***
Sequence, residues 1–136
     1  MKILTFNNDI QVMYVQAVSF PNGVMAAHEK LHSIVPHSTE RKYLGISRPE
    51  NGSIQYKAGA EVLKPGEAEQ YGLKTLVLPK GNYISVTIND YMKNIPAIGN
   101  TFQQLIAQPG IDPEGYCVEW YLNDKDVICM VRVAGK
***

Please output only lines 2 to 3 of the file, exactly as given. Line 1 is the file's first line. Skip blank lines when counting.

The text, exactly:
     1  MKILTFNNDI QVMYVQAVSF PNGVMAAHEK LHSIVPHSTE RKYLGISRPE
    51  NGSIQYKAGA EVLKPGEAEQ YGLKTLVLPK GNYISVTIND YMKNIPAIGN